How insane. Yet another example of interference by those who have no clue. Thankfully we disposed of our $350k recurring insurance book a few years ago when we read the writing on the wall, however just a year ago we finalised a 2 year battle with two insurers for a client with TPD for $750k and $1mill. Filenotes that literally ran to hundreds of pages from the constant work and follow up, especially as both groups changed case managers bimonthly. All this done not for any set fee but because they were a client of ours (&still are now on the investment side).
Throwing yet another restriction and licensing requirements simply means less clients in need getting the appropriate assistance and the insurers getting away with ripping off more consumers.

ASIC are either intentionally out to destroy financial planning and especially insurance advisers, or simply inept or utterly corrupt - as recent events with Shipton, Crennan and the parliamentary inquiry appear to show.

Mike
Please clarify. My understanding is this is not intended to apply to an adviser assisting their client with a claim.

That is, it is intended to ensure anyone else but an adviser assisting their client is now caught in the net as well and that ASIC is aware of the type of services being engaged in. Advisers already being responsible to ASIC for advising clients are already covered.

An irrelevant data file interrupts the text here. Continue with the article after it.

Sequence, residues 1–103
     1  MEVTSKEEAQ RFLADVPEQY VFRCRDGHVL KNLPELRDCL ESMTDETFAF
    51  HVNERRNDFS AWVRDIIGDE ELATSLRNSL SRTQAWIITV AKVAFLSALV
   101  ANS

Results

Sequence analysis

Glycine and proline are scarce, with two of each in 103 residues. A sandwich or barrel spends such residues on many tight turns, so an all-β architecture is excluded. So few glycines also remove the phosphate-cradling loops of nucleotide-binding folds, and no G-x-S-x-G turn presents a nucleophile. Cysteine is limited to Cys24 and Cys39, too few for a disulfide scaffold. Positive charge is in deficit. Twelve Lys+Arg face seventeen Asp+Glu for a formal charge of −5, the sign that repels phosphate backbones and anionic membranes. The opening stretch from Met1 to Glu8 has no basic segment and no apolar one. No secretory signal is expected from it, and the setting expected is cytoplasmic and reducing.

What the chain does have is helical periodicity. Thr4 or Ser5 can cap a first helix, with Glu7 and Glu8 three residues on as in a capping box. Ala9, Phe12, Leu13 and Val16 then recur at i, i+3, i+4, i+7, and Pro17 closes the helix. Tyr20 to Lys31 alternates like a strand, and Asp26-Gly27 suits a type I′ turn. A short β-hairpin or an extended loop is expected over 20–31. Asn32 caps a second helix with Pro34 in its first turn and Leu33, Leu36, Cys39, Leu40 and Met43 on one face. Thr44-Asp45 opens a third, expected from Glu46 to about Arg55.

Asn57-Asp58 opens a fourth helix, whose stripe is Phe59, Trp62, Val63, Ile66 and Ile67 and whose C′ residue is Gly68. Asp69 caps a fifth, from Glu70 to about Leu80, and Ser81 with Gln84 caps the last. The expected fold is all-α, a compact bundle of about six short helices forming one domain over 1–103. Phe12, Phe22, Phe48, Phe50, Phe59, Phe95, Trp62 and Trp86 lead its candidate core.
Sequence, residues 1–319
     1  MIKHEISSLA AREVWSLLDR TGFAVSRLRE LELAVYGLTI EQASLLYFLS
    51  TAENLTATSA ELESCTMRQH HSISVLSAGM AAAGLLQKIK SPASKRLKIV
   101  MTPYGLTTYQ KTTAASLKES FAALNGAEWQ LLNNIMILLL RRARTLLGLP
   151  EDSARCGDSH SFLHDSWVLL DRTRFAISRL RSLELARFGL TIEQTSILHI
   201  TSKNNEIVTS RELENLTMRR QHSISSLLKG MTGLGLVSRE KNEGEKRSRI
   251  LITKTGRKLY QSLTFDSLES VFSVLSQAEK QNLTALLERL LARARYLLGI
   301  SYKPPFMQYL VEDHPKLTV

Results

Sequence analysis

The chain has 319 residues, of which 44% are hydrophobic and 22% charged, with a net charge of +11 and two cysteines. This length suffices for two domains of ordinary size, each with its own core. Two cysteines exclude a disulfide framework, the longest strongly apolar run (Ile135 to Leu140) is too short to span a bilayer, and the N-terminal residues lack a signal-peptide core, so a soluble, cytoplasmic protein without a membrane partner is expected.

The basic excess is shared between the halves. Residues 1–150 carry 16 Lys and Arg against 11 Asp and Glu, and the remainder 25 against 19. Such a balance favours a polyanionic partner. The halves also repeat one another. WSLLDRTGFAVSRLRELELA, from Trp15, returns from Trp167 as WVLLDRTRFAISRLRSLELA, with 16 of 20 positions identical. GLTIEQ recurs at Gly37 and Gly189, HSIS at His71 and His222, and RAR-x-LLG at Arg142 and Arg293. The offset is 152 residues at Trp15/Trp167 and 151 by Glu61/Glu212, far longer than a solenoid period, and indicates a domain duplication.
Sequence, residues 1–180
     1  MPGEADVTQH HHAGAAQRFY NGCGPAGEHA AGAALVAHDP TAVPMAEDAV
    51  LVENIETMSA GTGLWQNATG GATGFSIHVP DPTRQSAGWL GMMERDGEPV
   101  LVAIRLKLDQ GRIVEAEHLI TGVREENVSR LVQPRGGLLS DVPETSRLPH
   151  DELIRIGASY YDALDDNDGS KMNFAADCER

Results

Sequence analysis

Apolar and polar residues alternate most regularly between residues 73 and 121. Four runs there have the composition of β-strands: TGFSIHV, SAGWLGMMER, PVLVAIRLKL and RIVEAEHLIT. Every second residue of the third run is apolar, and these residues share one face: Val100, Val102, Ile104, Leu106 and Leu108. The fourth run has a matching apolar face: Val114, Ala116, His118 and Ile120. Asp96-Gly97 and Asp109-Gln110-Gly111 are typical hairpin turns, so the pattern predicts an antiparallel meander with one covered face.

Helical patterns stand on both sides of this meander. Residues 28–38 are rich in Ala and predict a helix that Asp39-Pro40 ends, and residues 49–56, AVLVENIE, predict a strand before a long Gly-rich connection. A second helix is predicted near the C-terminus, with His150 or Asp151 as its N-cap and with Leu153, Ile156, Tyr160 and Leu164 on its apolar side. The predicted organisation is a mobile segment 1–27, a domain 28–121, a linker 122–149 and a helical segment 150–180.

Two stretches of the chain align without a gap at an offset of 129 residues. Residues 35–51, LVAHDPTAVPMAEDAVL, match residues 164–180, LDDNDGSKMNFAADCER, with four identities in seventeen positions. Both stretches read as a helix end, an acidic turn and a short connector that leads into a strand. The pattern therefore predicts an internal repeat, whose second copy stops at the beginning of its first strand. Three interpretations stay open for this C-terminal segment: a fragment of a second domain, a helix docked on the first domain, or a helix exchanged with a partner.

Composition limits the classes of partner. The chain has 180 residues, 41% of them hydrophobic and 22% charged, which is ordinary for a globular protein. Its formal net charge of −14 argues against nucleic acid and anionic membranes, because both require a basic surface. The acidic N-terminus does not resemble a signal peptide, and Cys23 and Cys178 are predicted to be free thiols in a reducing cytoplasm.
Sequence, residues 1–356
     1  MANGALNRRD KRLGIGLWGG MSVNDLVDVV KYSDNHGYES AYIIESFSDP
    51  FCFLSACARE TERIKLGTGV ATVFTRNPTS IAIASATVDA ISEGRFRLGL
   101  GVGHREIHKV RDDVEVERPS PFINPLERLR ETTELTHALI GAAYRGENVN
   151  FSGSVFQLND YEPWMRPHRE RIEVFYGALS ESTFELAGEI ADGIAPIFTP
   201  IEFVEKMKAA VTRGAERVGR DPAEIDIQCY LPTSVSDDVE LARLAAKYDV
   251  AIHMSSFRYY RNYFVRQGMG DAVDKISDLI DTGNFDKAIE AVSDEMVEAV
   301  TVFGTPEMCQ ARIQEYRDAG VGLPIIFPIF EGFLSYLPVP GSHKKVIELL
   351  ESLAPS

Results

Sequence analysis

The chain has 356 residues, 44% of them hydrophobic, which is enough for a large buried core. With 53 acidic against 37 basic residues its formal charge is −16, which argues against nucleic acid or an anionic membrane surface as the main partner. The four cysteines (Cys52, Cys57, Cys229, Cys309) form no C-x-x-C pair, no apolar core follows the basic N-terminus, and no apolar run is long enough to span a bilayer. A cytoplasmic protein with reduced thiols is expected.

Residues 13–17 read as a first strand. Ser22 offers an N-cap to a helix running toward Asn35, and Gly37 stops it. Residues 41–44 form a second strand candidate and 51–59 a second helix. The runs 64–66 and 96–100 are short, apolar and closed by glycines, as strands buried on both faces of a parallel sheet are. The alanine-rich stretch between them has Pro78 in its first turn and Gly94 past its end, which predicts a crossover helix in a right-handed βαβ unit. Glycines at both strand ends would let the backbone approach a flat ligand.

Please clarify it my, and others, expectations are wrong.

You are just about right. Why people and newspapers jump up and down without reading the full story I'll never know. It is important that the licensing only applies to the operation of an 'Insurance Claims Handling Business'. That businesses is defined and so is when a financial planner is captured by the requirement. Read ASICs publication ‘Claims handling and settling: How to comply with your AFS licence obligations'. A Financial Adviser is only caught if they 'provide financial product advice to an insured person (including one who is a third-party beneficiary) and provide a claims handling and settling service on behalf of the insurer'.